Covetousness In Politics

The Tenth Commandment is, “You shall not covet.”

I’m starting to recognize a lot of covetousness in the public sphere. I don’t think the average Christian has a solid grasp on what covetousness is. I would define it as wanting something so badly that it is a sin, or being willing to steal something, or prompt someone else to steal it.

I went to a Planned Parenthood rally yesterday in Colorado Springs to remind them that abortion is murder with several friends. The Colorado Springs socialists showed up, and they were kind of like Antifa wannabes. One dude covered his face with a bandanna, they blocked the sidewalk, and stole signs.

They said that they want to seize the means of production so that it can be owned by the workers. One young guy said he works 40-60 hours a week for $25,000 and his eeeeevil boss makes hundreds of thousands by owning the company and exploiting him. He covets more free time and money to the point that he wants the government to steal the means of production from the current owners.

Another example of covetousness was a letter to the editor during the last election over the issue of whether the Canon City sales tax should be raised to pay for new roads. A guy wrote that he wants new roads, and the sales tax would be a way for out-of-towners to help pay for them. He revealed his sinful covetousness to the whole town.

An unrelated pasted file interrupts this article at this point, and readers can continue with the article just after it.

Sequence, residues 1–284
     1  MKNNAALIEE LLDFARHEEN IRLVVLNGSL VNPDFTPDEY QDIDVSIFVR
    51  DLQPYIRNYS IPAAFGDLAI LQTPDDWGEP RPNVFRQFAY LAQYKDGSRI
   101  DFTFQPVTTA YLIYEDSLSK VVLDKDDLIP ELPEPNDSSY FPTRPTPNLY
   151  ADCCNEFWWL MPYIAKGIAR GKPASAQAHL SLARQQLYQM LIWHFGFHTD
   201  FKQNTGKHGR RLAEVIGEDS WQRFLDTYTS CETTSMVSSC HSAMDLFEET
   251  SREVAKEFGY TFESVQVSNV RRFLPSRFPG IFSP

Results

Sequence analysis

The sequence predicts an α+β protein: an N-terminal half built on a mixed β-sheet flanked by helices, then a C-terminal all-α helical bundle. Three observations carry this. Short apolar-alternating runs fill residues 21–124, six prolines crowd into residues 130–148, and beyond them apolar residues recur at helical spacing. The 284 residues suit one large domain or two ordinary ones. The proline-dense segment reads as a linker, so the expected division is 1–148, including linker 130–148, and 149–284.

I can’t remember the last time I heard a pastor explain this. What if Christians were taught to apply the Bible to their politics and voting? What if the guy who wrote the letter to the editor knew that Christians would immediately recognize his sinful attitude? Why does he feel no shame in expressing his sin in public? Because Christians haven’t taught God’s law.

There are enough Christians in this country that if covetousness in politics was taught to be a sin, very few tax increases would ever pass again. Is covetousness in the voting booth less of a sin than covetousness in day-to-day life?

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